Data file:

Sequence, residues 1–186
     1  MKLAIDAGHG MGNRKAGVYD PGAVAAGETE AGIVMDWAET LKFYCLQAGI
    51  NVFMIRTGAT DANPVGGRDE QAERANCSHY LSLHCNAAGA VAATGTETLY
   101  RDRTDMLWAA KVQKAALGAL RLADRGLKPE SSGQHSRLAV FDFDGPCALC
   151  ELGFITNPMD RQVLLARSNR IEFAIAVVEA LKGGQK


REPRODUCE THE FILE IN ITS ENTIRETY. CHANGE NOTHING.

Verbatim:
Sequence, residues 1–186
     1  MKLAIDAGHG MGNRKAGVYD PGAVAAGETE AGIVMDWAET LKFYCLQAGI
    51  NVFMIRTGAT DANPVGGRDE QAERANCSHY LSLHCNAAGA VAATGTETLY
   101  RDRTDMLWAA KVQKAALGAL RLADRGLKPE SSGQHSRLAV FDFDGPCALC
   151  ELGFITNPMD RQVLLARSNR IEFAIAVVEA LKGGQK